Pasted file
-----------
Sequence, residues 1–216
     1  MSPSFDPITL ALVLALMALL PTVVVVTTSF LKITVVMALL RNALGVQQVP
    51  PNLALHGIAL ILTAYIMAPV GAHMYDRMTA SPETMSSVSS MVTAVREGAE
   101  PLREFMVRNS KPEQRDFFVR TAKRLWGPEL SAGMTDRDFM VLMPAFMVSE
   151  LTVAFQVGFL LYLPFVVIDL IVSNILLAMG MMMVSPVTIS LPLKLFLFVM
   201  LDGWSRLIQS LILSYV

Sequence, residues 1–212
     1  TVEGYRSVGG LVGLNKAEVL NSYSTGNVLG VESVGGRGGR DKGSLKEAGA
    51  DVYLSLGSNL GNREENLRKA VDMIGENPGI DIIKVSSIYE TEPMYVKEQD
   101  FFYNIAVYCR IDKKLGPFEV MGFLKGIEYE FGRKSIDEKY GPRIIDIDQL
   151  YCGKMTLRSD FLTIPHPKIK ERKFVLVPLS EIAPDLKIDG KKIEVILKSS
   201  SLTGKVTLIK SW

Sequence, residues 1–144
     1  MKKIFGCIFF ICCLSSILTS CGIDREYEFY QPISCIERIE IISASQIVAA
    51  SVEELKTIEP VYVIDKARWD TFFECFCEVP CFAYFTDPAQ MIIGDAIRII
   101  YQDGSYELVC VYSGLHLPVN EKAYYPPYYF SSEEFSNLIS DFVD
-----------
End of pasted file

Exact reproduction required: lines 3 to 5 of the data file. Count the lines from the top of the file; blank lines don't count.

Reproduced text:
    51  PNLALHGIAL ILTAYIMAPV GAHMYDRMTA SPETMSSVSS MVTAVREGAE
   101  PLREFMVRNS KPEQRDFFVR TAKRLWGPEL SAGMTDRDFM VLMPAFMVSE
   151  LTVAFQVGFL LYLPFVVIDL IVSNILLAMG MMMVSPVTIS LPLKLFLFVM